Come To A Base Use. -- An eventful History. - We notice in the Democrat of this morning a statement that the propeller Ontario has recently landed a cargo of slaves on the coast of Cuba. The Ontario is a Rochester vessel, and has run an eventful career thus far. She was built at the Upper Landing in this city some ten years or more ago, by George Steers, the famous architect of the yacht America, for a company of citizens, and was a companion of the Genesee Chief, also constructed by Mr. Steers.
The Ontario was put up in a very few weeks, and as ship building was a new enterprise here thousands flocked to the landing to see her launched. We sat upon the hill-side and saw her glide gracefully into the water, amid the cheers of thousands; while Captain Adam's band played a lively air. As soon after the launch after the launch as the Ontario could be brought to the dock, a suit of colors was presented by the merchants of Rochester; after which, Dr. Kelsey, on behalf of the owners of the Ontario, presented to Mr. Steers a silver pitcher, in token of their appreciation of his skill as a ship builder and worth as a gentleman. Dr. K. stated in his speech the precise number of days that had elapsed since the keel of the Ontario was laid. Our impression is that less than seven weeks had elapsed since the work was commenced.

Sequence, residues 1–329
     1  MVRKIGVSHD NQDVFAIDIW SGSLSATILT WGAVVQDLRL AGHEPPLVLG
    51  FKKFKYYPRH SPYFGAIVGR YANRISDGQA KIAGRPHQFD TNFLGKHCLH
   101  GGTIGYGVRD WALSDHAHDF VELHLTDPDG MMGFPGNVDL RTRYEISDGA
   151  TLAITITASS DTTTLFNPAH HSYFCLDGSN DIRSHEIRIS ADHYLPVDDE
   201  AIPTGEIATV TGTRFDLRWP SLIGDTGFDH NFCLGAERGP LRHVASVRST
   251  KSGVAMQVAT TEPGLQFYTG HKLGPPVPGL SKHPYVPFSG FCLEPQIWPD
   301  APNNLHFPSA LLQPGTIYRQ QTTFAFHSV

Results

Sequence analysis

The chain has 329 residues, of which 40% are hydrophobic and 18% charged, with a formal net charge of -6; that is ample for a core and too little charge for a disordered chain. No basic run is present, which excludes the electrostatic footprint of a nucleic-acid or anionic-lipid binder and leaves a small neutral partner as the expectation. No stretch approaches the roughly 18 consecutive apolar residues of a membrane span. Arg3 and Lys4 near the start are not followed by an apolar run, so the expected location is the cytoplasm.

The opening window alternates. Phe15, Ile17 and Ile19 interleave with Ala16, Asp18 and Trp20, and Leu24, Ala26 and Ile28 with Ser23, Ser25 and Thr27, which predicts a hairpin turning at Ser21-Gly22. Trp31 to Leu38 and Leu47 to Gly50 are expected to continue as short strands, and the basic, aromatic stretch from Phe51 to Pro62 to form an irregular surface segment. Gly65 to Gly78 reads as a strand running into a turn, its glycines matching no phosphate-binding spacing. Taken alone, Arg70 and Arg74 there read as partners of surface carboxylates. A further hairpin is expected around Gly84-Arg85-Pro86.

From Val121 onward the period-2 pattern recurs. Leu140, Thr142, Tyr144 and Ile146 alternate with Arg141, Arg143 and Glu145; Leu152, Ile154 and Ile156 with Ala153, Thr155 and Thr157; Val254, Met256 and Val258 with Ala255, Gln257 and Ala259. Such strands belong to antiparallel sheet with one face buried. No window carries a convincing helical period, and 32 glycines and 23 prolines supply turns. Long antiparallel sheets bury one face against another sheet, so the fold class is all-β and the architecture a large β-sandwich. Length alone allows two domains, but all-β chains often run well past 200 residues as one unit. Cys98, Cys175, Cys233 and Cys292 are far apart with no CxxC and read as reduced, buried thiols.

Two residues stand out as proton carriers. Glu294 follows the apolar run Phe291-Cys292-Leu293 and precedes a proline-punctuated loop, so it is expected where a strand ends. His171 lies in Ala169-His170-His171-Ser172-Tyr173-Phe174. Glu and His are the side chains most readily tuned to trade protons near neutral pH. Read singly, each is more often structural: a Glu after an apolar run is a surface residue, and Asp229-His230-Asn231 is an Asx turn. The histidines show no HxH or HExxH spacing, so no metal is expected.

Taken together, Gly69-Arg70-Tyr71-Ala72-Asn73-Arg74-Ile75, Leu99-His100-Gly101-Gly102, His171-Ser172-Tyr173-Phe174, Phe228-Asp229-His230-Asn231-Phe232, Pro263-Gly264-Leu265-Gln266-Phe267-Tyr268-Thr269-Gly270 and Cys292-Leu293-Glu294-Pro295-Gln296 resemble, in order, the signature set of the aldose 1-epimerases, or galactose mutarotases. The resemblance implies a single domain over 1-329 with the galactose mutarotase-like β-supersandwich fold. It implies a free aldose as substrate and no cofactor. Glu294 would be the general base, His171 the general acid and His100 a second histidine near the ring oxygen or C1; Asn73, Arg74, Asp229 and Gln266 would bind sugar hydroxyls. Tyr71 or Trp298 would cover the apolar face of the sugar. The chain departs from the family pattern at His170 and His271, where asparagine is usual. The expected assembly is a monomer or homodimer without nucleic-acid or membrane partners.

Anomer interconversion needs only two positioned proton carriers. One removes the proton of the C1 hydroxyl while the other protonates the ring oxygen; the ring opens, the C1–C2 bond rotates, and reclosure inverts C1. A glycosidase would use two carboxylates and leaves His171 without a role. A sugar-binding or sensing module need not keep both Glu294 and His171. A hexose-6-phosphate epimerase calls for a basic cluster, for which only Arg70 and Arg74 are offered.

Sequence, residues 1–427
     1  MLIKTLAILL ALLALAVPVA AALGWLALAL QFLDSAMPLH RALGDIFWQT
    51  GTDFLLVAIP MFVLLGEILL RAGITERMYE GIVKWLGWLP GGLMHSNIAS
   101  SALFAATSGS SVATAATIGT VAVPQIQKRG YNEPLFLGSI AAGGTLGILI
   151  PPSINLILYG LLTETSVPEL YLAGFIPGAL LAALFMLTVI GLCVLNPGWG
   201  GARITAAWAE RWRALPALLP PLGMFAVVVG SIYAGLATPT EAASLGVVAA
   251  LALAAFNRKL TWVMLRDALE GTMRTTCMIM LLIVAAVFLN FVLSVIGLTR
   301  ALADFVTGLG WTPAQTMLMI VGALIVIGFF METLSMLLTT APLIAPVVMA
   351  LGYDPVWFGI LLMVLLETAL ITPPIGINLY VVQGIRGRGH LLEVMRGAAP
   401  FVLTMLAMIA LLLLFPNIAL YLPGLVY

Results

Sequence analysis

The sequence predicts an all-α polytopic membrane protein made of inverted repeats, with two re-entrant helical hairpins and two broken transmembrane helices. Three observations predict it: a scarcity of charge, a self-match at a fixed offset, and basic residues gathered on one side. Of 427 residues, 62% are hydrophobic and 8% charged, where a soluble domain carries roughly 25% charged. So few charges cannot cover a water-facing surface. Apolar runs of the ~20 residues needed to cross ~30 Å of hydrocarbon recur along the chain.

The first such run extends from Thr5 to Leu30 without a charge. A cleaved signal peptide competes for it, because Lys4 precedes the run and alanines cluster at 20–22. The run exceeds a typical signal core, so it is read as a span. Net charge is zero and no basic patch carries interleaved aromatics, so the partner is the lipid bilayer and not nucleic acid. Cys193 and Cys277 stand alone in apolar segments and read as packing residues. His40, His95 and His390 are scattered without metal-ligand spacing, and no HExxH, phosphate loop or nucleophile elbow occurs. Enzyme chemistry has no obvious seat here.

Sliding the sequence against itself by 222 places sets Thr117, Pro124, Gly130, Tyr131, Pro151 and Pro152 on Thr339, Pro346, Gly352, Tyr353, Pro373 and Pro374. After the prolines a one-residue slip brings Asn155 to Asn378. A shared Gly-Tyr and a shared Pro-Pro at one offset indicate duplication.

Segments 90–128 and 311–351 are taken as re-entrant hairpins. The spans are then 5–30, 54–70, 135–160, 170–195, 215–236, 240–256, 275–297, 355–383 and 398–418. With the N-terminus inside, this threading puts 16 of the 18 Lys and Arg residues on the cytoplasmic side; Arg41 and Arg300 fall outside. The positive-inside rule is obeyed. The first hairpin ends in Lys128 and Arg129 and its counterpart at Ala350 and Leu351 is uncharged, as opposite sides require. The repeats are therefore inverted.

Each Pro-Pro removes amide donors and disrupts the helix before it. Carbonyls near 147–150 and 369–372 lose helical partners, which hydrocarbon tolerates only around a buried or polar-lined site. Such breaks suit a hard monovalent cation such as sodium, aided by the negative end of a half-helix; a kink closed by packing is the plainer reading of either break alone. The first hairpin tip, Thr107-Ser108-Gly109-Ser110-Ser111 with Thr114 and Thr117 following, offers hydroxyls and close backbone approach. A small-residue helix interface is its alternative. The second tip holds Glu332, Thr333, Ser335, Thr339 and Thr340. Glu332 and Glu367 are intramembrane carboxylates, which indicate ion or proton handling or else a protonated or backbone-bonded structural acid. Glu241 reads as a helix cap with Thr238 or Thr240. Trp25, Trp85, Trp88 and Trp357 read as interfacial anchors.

The Ontario was put into the trade of the lakes, but was in some respects unfortunate, having met with two collisions with other vessels, involving the owners in litigation, which continued for some years. When the California gold fever broke out, an attempt was made to get stock taken to purchase this propeller to take a party to California. The enterprise failed, and the owners finding her to be of no profit in the Lake trade, took her to the Atlantic by the St. Lawrence. She was run past the Quebec Custom House by some hocuspocus arrangement, and particular care was taken that the fact of her departure from Lake Ontario should not be published until her arrival at New York was announced.
We next heard of the Ontario running between New Orleans and Chagres, and still later between Boston and some Southern ports. She now turns up a slaver. To what a base use she has come at last. How little thought the citizens of Rochester when they saw her launched, that she would ever come to this. How little thought the merchants when they presented her with the proud stars and stripes, that they would ever float from the mast - of an accursed slave-ship. But so it be.